This excerpt taken from the IPG 10-K filed Feb 28, 2007.
Valuation and Qualifying Accounts Valuation Allowance
As required by SFAS No. 109, Accounting for Income Tax (SFAS No. 109), we evaluate on a quarterly basis the realizability of our deferred tax assets. SFAS No. 109 requires a valuation allowance to be established when it is more likely than not that all or a portion of deferred tax assets will not be realized. In circumstances where there is sufficient negative evidence, establishment of a valuation allowance must be considered. We believe that cumulative losses in the most recent three-year period represent sufficient negative evidence under the provisions of SFAS No. 109, and as a result, we determined that certain of our deferred tax assets required the establishment of a valuation allowance. The deferred tax assets for which an allowance was recognized relate primarily to tax credit carryforwards, foreign tax loss and U.S. capital loss carryforwards.
The valuation allowance is $504.0 and $501.0 at December 31, 2006 and 2005, respectively. The change during 2006 in the deferred tax valuation allowance relates to uncertainties regarding future utilization of tax loss carryforwards, offset primarily by reversals of $45.0 of valuation allowances in two European countries where we believe that it is now more likely than not that those tax loss carryforwards will be utilized. In addition, we believe that it is more likely than not that approximately $29.0 of U.S. capital loss carryforwards and $17.0 of foreign tax credits will not be utilized. We also wrote off previously reserved for deferred tax assets that were deemed to be permanently unrealizable due to the expiration of tax loss carryforwards and sales of certain businesses.
At December 31, 2006, there are $68.6 of tax credit carryforwards with expiration periods beginning in 2009 and ending in 2013. There are also $1,521.8 of loss carryforwards, of which $571.9 are U.S. capital and tax loss carryforwards that expire in the years 2007 through 2024. The remaining $949.9 are non-U.S. tax loss carryforwards of which $718.6 have unlimited carry forward periods and $231.3 have expiration periods from 2007 through 2022
As of December 31, 2006 and December 31, 2005, we had approximately $991.8 and $825.9 of undistributed earnings attributable to foreign subsidiaries, respectively. It is our intention to reinvest undistributed earnings of our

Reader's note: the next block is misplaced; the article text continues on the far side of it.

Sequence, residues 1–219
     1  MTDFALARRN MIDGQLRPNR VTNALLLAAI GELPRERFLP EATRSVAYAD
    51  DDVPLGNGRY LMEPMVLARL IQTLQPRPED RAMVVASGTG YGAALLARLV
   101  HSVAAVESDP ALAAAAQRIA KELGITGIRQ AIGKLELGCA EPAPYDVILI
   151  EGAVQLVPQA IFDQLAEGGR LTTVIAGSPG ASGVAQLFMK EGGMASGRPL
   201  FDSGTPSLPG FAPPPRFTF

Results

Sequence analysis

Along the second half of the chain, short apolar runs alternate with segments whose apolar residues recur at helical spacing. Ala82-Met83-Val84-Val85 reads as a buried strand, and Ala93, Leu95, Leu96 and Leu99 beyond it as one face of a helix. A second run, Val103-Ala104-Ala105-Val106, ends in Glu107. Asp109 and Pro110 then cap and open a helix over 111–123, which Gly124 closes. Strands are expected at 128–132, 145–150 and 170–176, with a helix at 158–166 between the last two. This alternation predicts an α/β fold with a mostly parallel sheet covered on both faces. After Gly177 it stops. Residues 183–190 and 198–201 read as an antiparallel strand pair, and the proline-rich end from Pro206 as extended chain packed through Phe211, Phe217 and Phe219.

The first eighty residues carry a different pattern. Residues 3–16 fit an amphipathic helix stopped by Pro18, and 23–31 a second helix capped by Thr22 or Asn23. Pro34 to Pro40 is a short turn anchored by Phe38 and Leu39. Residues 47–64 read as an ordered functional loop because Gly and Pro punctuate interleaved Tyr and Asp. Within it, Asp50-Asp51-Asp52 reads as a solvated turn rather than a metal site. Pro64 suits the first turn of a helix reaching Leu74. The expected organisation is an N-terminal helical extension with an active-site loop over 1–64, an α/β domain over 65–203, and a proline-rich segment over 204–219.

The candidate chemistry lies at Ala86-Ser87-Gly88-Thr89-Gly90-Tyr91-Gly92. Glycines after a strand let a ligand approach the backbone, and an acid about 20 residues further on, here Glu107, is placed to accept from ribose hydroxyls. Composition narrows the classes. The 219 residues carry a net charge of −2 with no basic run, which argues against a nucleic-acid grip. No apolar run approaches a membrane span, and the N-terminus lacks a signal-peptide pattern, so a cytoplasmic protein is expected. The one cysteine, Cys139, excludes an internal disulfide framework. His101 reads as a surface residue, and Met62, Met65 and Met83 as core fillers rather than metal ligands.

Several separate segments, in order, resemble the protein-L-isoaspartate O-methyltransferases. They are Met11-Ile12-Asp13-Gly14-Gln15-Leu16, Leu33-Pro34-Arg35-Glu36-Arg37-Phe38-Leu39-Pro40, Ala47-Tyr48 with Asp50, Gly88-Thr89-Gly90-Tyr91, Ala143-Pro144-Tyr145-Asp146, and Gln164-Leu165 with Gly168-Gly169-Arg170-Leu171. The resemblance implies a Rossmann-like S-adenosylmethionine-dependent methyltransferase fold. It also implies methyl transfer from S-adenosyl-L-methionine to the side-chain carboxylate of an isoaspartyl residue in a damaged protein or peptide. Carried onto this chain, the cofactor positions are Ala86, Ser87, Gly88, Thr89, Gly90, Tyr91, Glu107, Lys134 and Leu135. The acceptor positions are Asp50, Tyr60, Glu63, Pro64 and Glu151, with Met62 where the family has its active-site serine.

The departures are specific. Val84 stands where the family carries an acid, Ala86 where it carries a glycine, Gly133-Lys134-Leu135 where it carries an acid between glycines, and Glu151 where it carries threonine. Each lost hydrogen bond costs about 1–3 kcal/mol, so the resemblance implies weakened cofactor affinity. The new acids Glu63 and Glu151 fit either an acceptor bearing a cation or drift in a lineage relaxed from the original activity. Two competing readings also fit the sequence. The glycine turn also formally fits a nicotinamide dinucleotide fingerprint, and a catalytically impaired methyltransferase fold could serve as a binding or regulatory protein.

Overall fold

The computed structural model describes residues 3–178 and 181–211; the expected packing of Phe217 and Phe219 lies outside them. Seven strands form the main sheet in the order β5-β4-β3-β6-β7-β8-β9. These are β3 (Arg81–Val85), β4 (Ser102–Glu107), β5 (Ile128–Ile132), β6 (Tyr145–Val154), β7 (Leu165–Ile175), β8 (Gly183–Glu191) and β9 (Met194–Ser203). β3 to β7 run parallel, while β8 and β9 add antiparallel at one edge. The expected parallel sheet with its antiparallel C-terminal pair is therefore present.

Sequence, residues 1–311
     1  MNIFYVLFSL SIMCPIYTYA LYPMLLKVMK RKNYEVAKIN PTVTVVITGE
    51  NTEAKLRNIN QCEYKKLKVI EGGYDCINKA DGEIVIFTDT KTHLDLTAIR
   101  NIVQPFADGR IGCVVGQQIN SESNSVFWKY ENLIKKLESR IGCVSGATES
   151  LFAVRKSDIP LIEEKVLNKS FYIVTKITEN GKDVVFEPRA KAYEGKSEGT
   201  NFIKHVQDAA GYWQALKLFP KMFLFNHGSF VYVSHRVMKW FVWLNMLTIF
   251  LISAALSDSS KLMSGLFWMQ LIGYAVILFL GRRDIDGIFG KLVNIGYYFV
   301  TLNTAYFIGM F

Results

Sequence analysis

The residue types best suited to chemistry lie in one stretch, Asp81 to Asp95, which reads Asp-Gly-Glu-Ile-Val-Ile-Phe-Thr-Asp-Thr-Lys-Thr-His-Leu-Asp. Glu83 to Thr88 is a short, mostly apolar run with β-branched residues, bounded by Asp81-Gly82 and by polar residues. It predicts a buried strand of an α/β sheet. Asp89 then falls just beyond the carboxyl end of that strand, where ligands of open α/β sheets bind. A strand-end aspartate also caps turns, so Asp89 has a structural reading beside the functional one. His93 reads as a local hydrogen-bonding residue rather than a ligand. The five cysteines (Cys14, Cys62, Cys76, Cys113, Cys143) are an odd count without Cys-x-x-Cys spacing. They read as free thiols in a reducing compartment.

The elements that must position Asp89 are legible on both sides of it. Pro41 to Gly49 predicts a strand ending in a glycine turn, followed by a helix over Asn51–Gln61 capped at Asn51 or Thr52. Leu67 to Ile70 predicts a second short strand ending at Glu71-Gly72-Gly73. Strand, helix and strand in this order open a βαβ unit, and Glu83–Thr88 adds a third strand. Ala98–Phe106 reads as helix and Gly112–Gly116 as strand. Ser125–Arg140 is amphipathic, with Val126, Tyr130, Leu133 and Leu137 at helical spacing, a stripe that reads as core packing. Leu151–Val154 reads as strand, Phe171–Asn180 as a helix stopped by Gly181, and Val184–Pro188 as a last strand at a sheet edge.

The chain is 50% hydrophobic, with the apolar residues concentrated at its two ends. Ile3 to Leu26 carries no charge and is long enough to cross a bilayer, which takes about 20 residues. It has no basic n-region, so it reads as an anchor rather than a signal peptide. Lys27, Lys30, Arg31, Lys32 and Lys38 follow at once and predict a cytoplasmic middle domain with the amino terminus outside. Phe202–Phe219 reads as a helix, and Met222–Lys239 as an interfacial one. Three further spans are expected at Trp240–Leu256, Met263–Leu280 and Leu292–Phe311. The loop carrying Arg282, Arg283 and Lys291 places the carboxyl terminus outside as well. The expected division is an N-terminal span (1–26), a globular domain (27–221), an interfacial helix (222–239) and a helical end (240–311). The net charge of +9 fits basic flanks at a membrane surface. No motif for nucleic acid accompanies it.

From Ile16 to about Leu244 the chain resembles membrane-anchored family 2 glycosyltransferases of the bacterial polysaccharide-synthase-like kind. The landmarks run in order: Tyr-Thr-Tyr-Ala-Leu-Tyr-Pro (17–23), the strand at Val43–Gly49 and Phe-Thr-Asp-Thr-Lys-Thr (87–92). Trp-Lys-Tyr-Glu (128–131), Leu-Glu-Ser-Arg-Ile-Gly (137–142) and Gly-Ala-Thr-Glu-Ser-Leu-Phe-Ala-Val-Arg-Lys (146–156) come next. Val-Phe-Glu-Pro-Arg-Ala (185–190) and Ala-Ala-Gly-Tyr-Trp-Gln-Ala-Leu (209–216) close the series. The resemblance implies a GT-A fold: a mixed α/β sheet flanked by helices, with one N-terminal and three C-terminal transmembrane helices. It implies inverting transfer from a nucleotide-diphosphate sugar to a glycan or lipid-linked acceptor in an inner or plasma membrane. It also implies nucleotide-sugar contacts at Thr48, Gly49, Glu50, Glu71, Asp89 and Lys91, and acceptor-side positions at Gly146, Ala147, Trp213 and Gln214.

NOTES TO CONSOLIDATED FINANCIAL STATEMENTS (Continued)
(Amounts in Millions, Except Per Share Amounts)
foreign subsidiaries and thereby postpone their remittance. We have not provided deferred U.S. income taxes or foreign withholding taxes on temporary differences resulting from earnings for certain foreign subsidiaries which are permanently reinvested outside the United States. It is not practicable to determine the amount of unrecognized deferred tax liability associated with these temporary differences.
In 2006 we finalized the 1994-1996 IRS audit cycle. We agreed to an IRS adjustment to move a tax deduction into later years. The deferral of this deduction has not impacted our tax provision in 2006.
In addition, in 2006 the IRS completed their field audit of the years 1997 through 2002 and has proposed additions to our taxable income. We have appealed a number of these proposed additions. Further, during the second quarter of 2006, the IRS commenced the audit of the 2003 and 2004 income tax returns.
In 2006, we presented the IRS with an adjustment to our taxable loss for 2004 to claim a deduction for a worthlessness loss of an acquired business which we originally claimed on our 2002 tax return but which the IRS disallowed. We had previously received a refund of approximately $45.0 from the carryback of the 2002 loss to a previous year. In 2006, we paid $52.7, including interest, as a result of the disallowance of this loss deduction for 2002. This loss claim is currently being reviewed by the IRS in conjunction with their audit of the 2003-2004 income tax return.
Also in 2006, a decision was reached to carryback our loss generated in 2005 to 2003. The taxable income in 2003 would be reduced, with the corollary effect of previously claimed foreign tax credits being displaced. The displaced foreign tax credits will become part of our foreign tax credit carryforward, on which a full valuation allowance has been recorded. Accordingly, we have recorded a charge to tax expense in 2006 for this item.
We have various tax years under examination by tax authorities in various countries, such as the United Kingdom, and in various states, such as New York, in which we have significant business operations. It is not yet known whether these examinations will, in the aggregate, result in our paying additional taxes. We have established tax reserves that we believe to be adequate in relation to the potential for additional assessments in each of the jurisdictions in which we are subject to taxation. We regularly assess the likelihood of additional tax assessments in those jurisdictions and adjust our reserves as additional information or events require. See Note 19 for further information.